green monster with tooth

All About Primary Teeth

Did you know that although primary teeth, or baby teeth, are “temporary”, they play a very important role in the health of your child’s permanent teeth and health? That means providing proper dental care even before teeth erupt is vital to good oral care.

Tooth Formation and Emergence

A baby’s 20 primary teeth begin forming before birth and can be impacted by the mother’s health and problems during pregnancy. The teeth begin to erupt between 6 months and 1 year. Most children have a full set of primary teeth by age 3. While every child is different, usually the teeth in the front top and bottom of the mouth emerge first.

Dealing with Soreness

When baby teeth begin to emerge, your child may experience some discomfort and you may notice some redness around the site of the newly emerging teeth. In most cases, the discomfort is minimal and can be managed by letting your baby chew on a cool teething ring or rubbing your clean finger across the gums. If the pain persists or seems unmanageable, it is important to consult your pediatric dentist or pediatrician.

primary teeth chart

Why are Baby Teeth So Important?

Baby teeth are important to your child’s health and development. Not only are they important for chewing and getting proper nutrition, but they are also important to speech development and the healthy development of permanent teeth. The primary teeth hold a space for the permanent teeth already growing beneath the primary teeth and help ensure proper spacing.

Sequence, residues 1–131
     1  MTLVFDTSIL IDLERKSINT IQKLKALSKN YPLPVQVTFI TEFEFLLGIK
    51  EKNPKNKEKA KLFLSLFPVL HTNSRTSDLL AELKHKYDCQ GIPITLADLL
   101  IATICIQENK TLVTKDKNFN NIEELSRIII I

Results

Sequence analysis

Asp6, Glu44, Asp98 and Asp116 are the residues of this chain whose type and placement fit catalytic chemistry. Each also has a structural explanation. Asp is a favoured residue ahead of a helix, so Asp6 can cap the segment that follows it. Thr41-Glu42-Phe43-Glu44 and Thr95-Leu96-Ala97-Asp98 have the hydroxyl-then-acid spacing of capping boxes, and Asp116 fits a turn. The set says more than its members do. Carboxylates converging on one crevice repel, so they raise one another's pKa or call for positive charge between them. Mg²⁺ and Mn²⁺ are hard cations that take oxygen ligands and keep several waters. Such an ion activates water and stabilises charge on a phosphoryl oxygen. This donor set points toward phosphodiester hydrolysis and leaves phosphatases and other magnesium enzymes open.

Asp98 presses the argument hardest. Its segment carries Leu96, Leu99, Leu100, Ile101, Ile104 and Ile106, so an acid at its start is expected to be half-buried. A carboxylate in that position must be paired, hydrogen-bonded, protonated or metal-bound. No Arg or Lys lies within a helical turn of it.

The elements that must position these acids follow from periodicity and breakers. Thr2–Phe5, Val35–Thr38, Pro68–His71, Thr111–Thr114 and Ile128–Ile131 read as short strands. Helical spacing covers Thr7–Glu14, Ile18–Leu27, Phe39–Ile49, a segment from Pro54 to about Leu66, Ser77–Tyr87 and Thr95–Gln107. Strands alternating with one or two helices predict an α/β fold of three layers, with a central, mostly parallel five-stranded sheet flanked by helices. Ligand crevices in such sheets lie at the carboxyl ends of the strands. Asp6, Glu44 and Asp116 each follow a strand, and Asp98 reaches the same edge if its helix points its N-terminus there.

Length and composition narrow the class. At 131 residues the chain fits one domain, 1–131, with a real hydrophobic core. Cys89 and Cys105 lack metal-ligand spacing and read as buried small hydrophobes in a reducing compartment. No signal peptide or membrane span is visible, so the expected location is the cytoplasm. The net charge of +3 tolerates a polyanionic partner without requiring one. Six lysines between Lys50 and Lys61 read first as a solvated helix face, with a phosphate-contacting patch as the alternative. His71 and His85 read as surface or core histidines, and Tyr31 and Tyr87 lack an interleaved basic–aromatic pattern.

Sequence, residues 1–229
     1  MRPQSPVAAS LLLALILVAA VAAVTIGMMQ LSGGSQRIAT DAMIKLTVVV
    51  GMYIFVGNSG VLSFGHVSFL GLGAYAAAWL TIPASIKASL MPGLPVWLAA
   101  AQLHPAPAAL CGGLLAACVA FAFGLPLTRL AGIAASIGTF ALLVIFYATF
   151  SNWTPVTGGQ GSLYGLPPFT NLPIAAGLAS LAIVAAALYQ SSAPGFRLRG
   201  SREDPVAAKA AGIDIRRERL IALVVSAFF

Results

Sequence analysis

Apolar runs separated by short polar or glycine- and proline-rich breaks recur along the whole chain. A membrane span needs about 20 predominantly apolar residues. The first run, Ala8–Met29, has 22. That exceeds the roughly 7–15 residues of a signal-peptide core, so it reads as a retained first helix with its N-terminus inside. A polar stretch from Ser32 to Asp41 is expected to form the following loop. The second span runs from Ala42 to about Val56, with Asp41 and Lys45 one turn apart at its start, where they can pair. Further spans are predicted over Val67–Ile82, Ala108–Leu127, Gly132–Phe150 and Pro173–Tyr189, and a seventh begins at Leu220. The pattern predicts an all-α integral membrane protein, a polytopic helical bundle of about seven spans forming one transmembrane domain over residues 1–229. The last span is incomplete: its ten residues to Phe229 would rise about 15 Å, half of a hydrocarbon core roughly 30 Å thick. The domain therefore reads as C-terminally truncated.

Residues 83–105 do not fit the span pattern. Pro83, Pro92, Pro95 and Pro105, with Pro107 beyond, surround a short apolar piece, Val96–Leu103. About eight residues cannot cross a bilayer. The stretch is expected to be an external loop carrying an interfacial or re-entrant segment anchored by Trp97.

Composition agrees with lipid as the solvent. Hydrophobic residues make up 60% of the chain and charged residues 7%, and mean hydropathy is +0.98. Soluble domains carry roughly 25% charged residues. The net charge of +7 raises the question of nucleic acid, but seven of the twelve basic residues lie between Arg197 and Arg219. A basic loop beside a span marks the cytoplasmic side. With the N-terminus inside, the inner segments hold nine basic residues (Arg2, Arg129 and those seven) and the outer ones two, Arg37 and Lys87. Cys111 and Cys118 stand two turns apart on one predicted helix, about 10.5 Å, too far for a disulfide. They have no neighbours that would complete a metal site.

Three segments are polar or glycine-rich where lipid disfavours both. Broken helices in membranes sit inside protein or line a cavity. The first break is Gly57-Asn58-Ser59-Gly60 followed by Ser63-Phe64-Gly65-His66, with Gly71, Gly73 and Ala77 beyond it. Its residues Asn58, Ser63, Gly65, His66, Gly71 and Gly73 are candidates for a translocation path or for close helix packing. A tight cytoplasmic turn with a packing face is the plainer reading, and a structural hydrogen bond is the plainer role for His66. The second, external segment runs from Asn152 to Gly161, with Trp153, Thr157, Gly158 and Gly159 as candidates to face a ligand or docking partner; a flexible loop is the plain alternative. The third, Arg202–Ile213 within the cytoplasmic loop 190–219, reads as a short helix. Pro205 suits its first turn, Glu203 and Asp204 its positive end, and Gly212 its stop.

Practice Good Oral Care Right from the Start

Great oral care begins early. Even before the first primary tooth erupts, use a warm washcloth to clean the gums after each feeding. Visits to the pediatric dentist should begin soon after the first tooth emerges and should continue with regular visits every 3 to 6 months. As soon as teeth emerge, decay can occur.

Tips for the Care of Primary Teeth

Primary teeth can and do get cavities. Follow these tips for great oral care and to avoid cavities.

  • Begin cleaning your baby’s gums a few days after birth by wiping the gums down with a damp cloth.
  • For children younger than three, brush teeth twice a day using a soft brush and a tiny amount of fluoride toothpaste (no larger than a grain of rice).
  • For children 3-6 years of age, increase the amount of toothpaste to a pea-sized amount and continue to supervise daily brushing until at least the age of 6.
  • Flossing should begin at 3-6 years of age, children younger than 3 are considered on a case by case basis by a Pediatric Dentist will evaluate for their need.
  • Continue to monitor brushing until the child can properly brush alone.
  • Schedule your child’s first visit to the dentist soon after teeth begin to emerge and then every 3-6 months for children 6 and under; every 6 months for children 7 and older.

An early dental visit is a “well-baby checkup” for the primary teeth. Besides checking for cavities and other problems, the dentist will show you how to clean the child’s teeth properly, address habits like thumb sucking. If you are looking for a Children’s Dentist in the Inland Empire, call us today!